- Japan shutters US bases on Okinawa
- Phoenix mayor sets record for ventilator usage
- South Carolina positivity rate tops 22%
- French official warns we shouldn't expect vaccine by year's end
- US hospitals see severe shortages of remdesivir
- WHO reports another single-day global record
- Florida shatters US single-day record, surpassing NY
- US 7-day average for deaths hits highest level since June 16
- Mexico deaths on track to surpass Italy
- India outbreak surpasses 250k
- Israelis protest in Tel Aviv
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Update (1840ET): Phoenix Mayor Kate Gallego told CNN Sunday during an interview with Dana Bash that the state's positivity rates and record-setting ventilator usage are plaguing Phoenix.
"Our health care workers are telling us they are already tired and they are worried that there could be additional growth after the 4th of July," Gallego said.
She also claimed that people in Phoenix are waiting up to 13 hours to get tested.
"We have had people waiting, eight, 10, 13 hours" to get tested, Gallego said.
Meanwhile, as Iran suffers a dramatic resurgence of its deadly coronavirus outbreak, Supreme Leader Ayatollah Ali Khamenei in a televised speech on Sunday said the situation is "truly sad" and encouraged citizens to take appropriate measures to help shorten the chain of transmission "before bringing the country to the shore of salvation," according to Khamenei's office.
While Florida's daily numbers were undoubtedly the highlight of the weekend, it's worth noting that the total number of test results reported yesterday in South Carolina was 8,769, with the % positive hitting 22.3%. A total of 538,022 tests were conducted in the state, according to the state's latest press release, while there were 1,952 new cases of coronavirus and 10 new deaths reported for a total of 56,485 confirmed cases and 163 probable cases. There have also been 950 confirmed deaths and 11 probable deaths statewide.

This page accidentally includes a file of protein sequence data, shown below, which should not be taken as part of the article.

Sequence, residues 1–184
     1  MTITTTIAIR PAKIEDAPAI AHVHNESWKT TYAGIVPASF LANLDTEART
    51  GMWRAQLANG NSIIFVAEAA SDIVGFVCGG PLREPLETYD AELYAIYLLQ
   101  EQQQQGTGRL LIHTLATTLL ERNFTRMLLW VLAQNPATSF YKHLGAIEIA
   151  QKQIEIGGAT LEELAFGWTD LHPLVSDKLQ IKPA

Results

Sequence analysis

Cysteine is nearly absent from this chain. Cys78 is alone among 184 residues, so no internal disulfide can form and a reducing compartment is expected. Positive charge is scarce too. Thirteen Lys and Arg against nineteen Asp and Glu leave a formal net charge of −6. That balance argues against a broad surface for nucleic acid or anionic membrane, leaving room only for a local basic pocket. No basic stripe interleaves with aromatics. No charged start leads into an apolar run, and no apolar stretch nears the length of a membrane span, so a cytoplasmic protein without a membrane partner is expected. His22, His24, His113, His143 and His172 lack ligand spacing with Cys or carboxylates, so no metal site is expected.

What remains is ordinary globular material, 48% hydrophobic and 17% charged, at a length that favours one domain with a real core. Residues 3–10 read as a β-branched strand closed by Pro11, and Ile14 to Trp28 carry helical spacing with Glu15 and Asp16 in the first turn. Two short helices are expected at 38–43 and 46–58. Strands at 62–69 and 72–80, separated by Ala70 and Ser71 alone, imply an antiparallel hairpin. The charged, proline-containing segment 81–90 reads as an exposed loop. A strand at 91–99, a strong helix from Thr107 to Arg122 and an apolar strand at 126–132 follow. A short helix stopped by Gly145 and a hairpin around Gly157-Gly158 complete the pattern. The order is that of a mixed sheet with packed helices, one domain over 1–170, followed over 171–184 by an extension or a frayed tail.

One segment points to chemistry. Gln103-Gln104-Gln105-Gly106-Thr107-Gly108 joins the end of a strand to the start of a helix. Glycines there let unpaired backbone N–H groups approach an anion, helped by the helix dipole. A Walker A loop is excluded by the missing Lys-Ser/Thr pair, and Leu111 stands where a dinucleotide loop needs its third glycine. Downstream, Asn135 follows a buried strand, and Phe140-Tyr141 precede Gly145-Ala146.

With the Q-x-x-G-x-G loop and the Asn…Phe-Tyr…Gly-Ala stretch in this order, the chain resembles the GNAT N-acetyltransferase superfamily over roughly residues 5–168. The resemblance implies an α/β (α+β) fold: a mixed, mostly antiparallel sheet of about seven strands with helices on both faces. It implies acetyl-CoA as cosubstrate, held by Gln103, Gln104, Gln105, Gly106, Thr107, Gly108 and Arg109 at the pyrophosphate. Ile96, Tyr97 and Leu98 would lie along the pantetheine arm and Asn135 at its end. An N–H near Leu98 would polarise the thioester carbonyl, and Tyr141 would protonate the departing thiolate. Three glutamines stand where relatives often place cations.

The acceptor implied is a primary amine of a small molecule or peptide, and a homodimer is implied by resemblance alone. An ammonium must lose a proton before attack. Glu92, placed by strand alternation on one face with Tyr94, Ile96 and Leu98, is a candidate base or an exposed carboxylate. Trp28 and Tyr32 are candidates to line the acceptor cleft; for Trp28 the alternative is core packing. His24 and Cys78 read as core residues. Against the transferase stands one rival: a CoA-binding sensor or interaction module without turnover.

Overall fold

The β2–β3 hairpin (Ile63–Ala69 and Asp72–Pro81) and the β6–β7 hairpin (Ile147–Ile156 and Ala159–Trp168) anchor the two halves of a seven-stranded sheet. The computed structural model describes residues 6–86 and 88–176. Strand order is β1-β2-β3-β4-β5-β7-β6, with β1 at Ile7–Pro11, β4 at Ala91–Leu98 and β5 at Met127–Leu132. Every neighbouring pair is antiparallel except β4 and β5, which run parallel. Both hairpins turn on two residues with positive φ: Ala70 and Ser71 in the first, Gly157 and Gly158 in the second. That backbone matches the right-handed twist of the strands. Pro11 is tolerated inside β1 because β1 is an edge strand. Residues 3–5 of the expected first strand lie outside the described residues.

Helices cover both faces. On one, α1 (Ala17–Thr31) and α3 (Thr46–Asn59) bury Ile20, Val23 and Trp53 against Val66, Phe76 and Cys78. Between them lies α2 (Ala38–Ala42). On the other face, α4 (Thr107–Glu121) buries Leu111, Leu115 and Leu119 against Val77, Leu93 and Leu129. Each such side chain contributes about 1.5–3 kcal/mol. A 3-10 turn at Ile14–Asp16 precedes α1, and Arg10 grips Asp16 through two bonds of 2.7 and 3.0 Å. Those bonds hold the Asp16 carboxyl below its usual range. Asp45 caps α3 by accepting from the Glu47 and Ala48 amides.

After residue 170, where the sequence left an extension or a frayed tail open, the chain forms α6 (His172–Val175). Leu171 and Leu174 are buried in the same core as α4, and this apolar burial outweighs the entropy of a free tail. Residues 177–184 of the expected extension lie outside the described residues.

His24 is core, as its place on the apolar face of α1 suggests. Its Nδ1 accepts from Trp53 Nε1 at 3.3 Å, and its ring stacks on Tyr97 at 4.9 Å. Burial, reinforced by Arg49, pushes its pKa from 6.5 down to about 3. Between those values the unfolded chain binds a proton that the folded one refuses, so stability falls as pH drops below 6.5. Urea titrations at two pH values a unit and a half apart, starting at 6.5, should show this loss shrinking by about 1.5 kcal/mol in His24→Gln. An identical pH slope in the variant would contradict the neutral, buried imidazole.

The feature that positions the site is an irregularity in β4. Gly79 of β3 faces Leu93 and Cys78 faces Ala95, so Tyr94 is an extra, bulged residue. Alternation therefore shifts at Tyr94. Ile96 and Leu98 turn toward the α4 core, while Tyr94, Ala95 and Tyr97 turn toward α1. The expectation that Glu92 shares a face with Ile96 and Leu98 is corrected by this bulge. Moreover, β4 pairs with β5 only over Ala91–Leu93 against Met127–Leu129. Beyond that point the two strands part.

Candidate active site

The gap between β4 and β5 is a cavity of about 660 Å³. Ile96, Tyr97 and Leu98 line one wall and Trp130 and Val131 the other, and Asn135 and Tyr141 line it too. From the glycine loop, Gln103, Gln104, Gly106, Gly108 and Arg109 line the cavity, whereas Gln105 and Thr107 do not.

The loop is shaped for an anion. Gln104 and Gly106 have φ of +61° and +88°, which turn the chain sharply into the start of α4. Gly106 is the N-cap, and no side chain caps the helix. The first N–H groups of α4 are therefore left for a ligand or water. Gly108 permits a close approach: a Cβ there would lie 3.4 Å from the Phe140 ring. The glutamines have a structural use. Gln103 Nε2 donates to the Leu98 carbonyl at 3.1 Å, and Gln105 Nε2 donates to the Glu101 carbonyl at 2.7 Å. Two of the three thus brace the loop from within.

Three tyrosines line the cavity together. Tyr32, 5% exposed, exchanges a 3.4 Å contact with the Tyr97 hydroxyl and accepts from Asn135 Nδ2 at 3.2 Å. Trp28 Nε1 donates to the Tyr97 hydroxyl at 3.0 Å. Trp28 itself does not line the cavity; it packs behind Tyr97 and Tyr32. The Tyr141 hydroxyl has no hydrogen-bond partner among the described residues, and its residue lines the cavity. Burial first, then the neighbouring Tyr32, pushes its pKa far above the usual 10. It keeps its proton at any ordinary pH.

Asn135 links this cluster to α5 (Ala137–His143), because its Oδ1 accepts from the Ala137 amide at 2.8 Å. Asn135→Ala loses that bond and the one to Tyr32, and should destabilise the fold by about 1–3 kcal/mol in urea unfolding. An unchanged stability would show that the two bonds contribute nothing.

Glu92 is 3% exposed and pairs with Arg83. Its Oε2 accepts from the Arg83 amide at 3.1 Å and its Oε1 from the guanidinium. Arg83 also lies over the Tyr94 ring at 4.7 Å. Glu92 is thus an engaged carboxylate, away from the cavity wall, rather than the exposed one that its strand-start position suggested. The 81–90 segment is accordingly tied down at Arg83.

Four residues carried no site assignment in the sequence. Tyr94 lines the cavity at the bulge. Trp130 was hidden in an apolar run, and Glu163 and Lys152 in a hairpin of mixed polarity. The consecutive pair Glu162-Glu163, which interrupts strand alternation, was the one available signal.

In vaccine news, after an Australian official warned that we shouldn't expect a vaccine by the end of the year, French epidemiologist Arnaud Fontanet says that despite 'unprecedented effort' a vaccine is still not likely before next year.
As more countries scramble to secure stocks of Gilead's remdesivir, in the US, hospitals in some bad hit areas are complaining that they don't have enough of the stuff, while hospitals in places like NYC are saying they have more than they need.
Finally, after 61 US marines tested positive for the virus at two US bases in Okinawa, a Japan-controlled island, the Japanese and the US just announced that they would be placing the base on lockdown to prevent further spread. Japan is reportedly "shocked" and furious at the US after a major coronavirus outbreak at 2 Marine bases in Okinawa.
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Update (1400ET): Like Brazil, Chile and Peru, Mexico’s cases from the coronavirus have been surging as the country struggles to compensate for its lackluster early response.
On Sunday, As Reuters reports, Mexico is set to overtake Italy and shoot above 35,000 deaths on Sunday, leaving Mexico on track to become the world's fourth most deadly outbreak, according to Reuters' tally. On Saturday, Mexico recorded 539 additional fatalities to bring its coronavirus toll to 34,730, with 295,268 confirmed cases.
Italy has recorded 34,945 deaths and 242,827 cases, though it's only diagnosing a hundred or so new cases a day for the entire country, along with a handful of deaths.
Mexico's coronavirus death toll per million residents is the 16th highest in the world. The country's population is about 120 million.